Americans Hold Split Opinions on Driverless Vehicles
October 04, 2017

As cars and trucks move toward a more autonomous future, Americans are highly polarized as to whether to accept or reject them on the road, according to a study by American International Group.

Safety of the vehicles, including the risk of hacking, are key concerns among respondents, while ease of driving and lower insurance premiums are seen as compelling benefits.

Sharing the Road

41 percent of survey respondents are uncomfortable with the idea of sharing the road with driverless vehicles, while 42 percent are generally ok with it.

Respondents were asked to select up to three perceived benefits of driverless vehicles. The most appealing benefits include:

■ Easier/less stressful transportation (44 percent)

■ Increased road safety (42 percent)

■ Lower insurance costs (39 percent)

Cybersecurity Concerns

A major stumbling block to acceptance is the perceived security of the vehicles, with 75 percent of respondents expressing concern that fully driverless vehicles, and even autos with autonomous features (emergency braking, lane departure avoidance, etc.), are susceptible to hackers taking control.

67 percent worry that a cyber breach could expose personal data the vehicle may acquire, such as credit card information, when and where drivers travel, and Internet connections made from the vehicle. Even information such as whom the driver had in the vehicle and the potential for private conversations to be recorded registered as concerns.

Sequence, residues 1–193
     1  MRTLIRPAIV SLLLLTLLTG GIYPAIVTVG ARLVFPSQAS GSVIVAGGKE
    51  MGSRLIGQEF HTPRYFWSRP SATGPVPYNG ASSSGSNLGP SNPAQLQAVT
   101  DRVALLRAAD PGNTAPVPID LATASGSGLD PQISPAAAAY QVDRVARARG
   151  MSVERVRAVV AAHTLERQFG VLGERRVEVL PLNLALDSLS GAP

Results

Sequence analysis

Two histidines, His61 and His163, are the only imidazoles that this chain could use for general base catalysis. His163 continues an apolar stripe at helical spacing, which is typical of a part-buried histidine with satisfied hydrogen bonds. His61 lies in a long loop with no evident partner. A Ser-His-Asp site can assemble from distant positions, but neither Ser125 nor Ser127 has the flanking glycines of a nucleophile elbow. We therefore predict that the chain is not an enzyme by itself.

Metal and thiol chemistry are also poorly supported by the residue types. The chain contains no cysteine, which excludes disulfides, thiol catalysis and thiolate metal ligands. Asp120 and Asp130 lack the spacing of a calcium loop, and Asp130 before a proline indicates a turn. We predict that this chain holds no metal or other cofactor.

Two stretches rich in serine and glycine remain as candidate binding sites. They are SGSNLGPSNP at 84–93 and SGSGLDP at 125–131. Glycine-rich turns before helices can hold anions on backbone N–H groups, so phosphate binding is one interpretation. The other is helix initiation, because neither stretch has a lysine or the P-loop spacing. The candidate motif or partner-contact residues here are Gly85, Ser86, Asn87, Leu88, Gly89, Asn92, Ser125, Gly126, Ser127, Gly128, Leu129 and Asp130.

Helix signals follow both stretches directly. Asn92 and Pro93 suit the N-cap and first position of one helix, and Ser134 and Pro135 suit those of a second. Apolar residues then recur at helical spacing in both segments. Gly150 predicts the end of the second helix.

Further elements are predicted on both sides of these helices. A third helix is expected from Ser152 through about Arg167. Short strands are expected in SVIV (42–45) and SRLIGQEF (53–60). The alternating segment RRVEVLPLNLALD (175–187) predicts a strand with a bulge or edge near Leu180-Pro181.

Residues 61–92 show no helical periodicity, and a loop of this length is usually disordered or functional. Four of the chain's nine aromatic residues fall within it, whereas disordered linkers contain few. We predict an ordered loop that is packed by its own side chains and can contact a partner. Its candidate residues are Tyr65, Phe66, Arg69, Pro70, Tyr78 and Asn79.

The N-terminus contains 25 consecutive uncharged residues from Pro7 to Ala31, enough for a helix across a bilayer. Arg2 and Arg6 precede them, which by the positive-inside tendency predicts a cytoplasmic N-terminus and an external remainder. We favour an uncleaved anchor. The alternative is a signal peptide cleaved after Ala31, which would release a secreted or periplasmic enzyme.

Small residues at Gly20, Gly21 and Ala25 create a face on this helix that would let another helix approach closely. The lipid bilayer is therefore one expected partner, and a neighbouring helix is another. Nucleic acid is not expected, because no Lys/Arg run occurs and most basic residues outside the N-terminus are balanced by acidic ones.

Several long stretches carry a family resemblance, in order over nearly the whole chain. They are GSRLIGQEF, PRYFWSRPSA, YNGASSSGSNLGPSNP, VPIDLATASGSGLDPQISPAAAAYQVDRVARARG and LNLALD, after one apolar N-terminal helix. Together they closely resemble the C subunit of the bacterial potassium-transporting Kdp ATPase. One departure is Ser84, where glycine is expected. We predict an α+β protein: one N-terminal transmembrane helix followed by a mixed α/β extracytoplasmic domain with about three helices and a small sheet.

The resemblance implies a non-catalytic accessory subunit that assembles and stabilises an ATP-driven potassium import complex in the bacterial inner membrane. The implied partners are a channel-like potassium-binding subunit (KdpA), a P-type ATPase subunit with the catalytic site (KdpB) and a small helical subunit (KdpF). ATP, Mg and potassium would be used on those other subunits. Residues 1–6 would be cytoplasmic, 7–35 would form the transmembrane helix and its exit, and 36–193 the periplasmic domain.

Safety Benefits

A plurality (39 percent) believes driverless vehicles will operate more safely than the average human driver, though a substantial 27 percent felt they would not.

When respondents were asked whether fully autonomous vehicles would operate more safely than they drive, 31 percent said no. The results show fairly even opinions among Americans about the safety benefit of driverless vehicles.

When Will We See Driverless Vehicles on the Road?

While most understand driverless vehicles are coming, respondents don’t believe they will be on the scene anytime soon. On average, Americans surveyed think it will take 22 years for driverless vehicles with no active input from human drivers to represent more than 20 percent of the vehicles on the road and that it will take 34 years before the autos make up the majority of vehicles in the US. The most significant factors cited as delaying or preventing the wide availability of driverless vehicles include (respondents could select up to three options):

■ Costs will be too high (55 percent)

■ Computer systems won’t be adequately secured (41 percent)

■ People enjoy driving too much (41 percent)

■ The vehicles won’t be safe enough (35 percent)

Read Will Liability Shift with Driverless Vehicles?, featuring more info from the AIG study.

Methodology: AIG’s Autonomous Vehicle Insights study was conducted August 17-24, 2017 in partnership with McLaughlin & Associates and Pinkston Group. The online study includes responses from 1,000 adults in the United States with an accuracy of +/- 3.1 percent at a 95 percent confidence interval.